A mother and child / Credit: Jordan Whitt / Unsplash

CNA Newsroom, Mar 5, 2024 / 09:25 am (CNA).

Ahead of a crucial vote on Friday, the bishops of Ireland have raised grave concerns about proposed changes to the country’s constitution, warning these would abolish “all reference to motherhood” and diminish the “unique importance of the relationship between marriage and family.” 

On International Women’s Day, March 8, voters in the country of more than 5 million people will head to the polls to cast their ballot in twin referendums proposing historic changes to the Constitution of Ireland

The first referendum pertains to the family and would amend Article 41.1 by introducing “other durable relationships” alongside marriage as the foundation of the family. 

The second referendum would delete a wording on women and motherhood in Article 41.2, where the state recognizes “that by her life within the home, woman gives to the state a support without which the common good cannot be achieved.” Therefore, the state shall “endeavor to ensure that mothers shall not be obliged by economic necessity to engage in labor to the neglect of their duties in the home.” 

This wording on women, motherhood, and even the home in the Irish Constitution would be replaced by a gender-neutral amendment, where the state recognizes that “the provision of care, by members of a family to one another by reason of the bonds that exist among them” gives to society a “support without which the common good cannot be achieved and shall strive to support such provision.”

The proposed changes have alarmed the Catholic Church in Ireland.

Bishops warn of impact on youth, families

In a statement published Feb. 25, the Irish bishops warn that the proposed amendment on family “diminishes the unique importance of the relationship between marriage and family” and is “likely to lead to a weakening of the incentive for young people to marry.” 

The Irish prelates affirm that “the commitment of marriage contributes to the common good in a unique way by bringing stability to the family and society, and that it consequently deserves the protection of the state.” 

While marriage is also a public and legal commitment, the bishops continue, the term “durable relationship” is “shrouded in legal uncertainty and is open to wide interpretation.” 

David Quinn of The Iona Institute, which promotes the place of marriage and religion in society, has raised concerns about the “very ambiguous term.”

Supporters of the twin referendums on March 8 see the proposed changes as part of social progress in the country and an end to “very outdated language in our constitution,” to quote Taoiseach (prime minister) Leo Varadkar.

Rapid social change in Ireland — a country once regarded as a Catholic powerhouse — has brought about the legalization of same-sex marriage in 2015 and free contraception in 2022.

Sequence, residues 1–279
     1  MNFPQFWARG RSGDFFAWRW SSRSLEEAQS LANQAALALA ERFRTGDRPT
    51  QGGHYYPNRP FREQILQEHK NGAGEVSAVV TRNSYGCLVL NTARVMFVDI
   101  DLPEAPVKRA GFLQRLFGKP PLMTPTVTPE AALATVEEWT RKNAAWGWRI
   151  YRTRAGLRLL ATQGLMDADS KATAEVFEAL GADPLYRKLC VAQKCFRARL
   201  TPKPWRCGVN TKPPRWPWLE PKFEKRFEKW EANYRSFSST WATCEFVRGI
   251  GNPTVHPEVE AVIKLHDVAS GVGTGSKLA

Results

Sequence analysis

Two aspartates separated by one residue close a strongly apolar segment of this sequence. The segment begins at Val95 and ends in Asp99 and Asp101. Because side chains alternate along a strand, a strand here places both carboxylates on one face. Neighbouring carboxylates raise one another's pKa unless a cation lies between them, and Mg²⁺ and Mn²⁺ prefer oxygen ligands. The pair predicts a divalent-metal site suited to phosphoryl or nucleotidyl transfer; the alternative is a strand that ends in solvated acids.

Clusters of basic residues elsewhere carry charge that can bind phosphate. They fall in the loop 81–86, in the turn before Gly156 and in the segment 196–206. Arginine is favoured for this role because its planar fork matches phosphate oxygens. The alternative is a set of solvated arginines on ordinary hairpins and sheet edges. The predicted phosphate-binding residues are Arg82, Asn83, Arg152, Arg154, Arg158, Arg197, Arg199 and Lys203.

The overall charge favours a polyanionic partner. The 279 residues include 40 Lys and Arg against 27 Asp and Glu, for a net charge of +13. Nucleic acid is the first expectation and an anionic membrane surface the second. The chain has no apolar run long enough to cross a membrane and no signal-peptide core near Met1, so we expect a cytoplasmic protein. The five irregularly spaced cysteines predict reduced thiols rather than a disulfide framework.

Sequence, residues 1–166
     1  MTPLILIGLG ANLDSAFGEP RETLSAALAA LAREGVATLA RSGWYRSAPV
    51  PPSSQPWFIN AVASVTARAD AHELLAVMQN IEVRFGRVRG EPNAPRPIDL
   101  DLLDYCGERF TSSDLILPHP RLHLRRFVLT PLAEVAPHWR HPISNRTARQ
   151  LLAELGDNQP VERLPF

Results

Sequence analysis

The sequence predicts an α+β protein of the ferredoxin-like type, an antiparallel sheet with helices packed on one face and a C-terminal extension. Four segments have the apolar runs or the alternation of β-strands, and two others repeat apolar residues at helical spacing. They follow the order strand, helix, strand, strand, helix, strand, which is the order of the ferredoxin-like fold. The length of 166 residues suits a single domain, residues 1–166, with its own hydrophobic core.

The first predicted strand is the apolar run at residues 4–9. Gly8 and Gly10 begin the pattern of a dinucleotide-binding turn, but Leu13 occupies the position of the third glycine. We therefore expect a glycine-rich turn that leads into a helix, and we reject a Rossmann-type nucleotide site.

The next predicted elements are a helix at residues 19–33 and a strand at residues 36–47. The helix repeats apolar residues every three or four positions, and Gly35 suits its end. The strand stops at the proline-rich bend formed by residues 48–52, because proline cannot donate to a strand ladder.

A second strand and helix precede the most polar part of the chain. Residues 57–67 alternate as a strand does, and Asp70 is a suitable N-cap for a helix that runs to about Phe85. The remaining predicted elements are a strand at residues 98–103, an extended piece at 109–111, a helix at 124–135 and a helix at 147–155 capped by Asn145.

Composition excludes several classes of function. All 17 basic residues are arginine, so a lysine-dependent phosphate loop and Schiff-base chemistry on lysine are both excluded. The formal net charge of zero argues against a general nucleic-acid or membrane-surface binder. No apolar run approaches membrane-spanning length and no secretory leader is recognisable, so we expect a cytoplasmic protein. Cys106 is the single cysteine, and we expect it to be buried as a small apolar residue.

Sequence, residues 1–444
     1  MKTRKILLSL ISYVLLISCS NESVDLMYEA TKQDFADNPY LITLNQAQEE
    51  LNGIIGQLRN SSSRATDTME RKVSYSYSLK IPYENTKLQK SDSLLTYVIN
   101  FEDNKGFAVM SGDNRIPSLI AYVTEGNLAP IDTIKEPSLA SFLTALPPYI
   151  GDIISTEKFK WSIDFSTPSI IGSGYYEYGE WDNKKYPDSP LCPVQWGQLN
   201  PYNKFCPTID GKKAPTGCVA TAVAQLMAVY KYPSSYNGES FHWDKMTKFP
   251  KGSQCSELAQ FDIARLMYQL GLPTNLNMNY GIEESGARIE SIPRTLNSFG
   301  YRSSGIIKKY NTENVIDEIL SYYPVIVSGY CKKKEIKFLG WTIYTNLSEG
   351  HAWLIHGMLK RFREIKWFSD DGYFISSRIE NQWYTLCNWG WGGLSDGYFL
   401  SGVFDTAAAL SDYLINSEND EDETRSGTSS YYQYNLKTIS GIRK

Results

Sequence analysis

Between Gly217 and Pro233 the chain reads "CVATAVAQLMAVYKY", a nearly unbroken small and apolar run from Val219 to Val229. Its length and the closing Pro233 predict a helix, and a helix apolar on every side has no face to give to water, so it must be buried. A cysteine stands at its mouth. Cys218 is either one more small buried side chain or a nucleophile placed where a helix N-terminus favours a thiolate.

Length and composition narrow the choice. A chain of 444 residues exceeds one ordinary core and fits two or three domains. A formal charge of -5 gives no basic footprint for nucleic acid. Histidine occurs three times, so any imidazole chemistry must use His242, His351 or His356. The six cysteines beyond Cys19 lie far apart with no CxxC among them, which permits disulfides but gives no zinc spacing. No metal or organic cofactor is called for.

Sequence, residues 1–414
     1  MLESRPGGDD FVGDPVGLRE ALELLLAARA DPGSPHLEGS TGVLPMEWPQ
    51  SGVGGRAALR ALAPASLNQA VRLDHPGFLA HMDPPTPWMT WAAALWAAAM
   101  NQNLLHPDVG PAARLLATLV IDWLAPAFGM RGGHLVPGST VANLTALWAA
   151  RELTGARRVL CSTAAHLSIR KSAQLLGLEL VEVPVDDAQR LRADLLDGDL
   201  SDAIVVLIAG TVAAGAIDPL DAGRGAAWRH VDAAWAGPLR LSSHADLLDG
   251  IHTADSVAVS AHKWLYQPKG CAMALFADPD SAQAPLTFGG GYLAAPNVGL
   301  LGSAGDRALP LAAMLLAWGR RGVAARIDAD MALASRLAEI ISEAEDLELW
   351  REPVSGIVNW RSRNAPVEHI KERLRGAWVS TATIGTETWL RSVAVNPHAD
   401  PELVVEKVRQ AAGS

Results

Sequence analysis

‘What benefit is it’ to delete ‘woman’ and ‘mother’?

Countering claims of sexism and asserting the “role of mothers should continue to be cherished in our constitution,” the Irish bishops dismiss the notion that the current wording states that “a woman’s place is in the home.”

Instead, they argue, it is “reasonable to ask what benefit is it to Irish society to delete the terms ‘woman’ and ‘mother’ from the Constitution of Ireland?”

For supporters of the change, such as academic Caitriona Beaumont, the benefit is the removal of Ireland’s Catholic heritage. The professor of social history at London South Bank University wrote on Feb. 2: “If Ireland is to fully shake off the shackles of its Catholic past and achieve its ambition to be a modern and progressive nation, then Article 41.2 must be consigned to the annals of history.”  

As supporters of the current wording point out, however, surveys have shown that almost two out of three Irish mothers would prefer to stay at home to raise their children, given the choice.

“The present constitutional wording does not in any way inhibit women from working or taking their proper place in social and public life,” the bishops note. “It does, however, respect the complementary and distinct qualities that arise naturally within the family.” 

Care in or outside the home?

The Irish bishops note a further concern: “People generally recognize the enormous commitment that women in Ireland have given, and continue to give, in relation to care, love, and affection in the home.”

With the proposed changes, however, the home will also be removed from the article in the Irish Constitution. 

Writing in the European Conservative, Dualta Roughneen noted: “The implications are unclear; but in a society that increasingly outsources care to institutions — whether children, the elderly, or the infirm — it will remove any constitutional preference for care in the home.”

Concluding their statement, the Irish bishops remind the faithful of the words of St. John Paul II, who said in Ireland in 1979: “The future of the Church, the future of humanity depend in great part on parents and on the family life that they build in their homes. The family is the true measure of the greatness of a nation, just as the dignity of man is the true measure of civilization.”

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